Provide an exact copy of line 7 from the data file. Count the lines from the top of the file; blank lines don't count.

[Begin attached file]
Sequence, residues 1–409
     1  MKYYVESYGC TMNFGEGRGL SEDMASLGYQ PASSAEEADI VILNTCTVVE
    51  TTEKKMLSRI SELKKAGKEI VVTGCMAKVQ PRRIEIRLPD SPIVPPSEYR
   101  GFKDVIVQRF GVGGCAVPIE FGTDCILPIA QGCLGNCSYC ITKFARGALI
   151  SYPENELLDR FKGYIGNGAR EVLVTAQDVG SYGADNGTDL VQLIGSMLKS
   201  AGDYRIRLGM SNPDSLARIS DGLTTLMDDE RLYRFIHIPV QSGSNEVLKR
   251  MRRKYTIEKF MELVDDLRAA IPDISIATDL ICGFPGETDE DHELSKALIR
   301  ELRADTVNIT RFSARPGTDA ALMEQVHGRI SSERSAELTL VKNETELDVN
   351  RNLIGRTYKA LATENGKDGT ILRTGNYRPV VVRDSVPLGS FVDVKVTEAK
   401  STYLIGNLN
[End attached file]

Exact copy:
   251  MRRKYTIEKF MELVDDLRAA IPDISIATDL ICGFPGETDE DHELSKALIR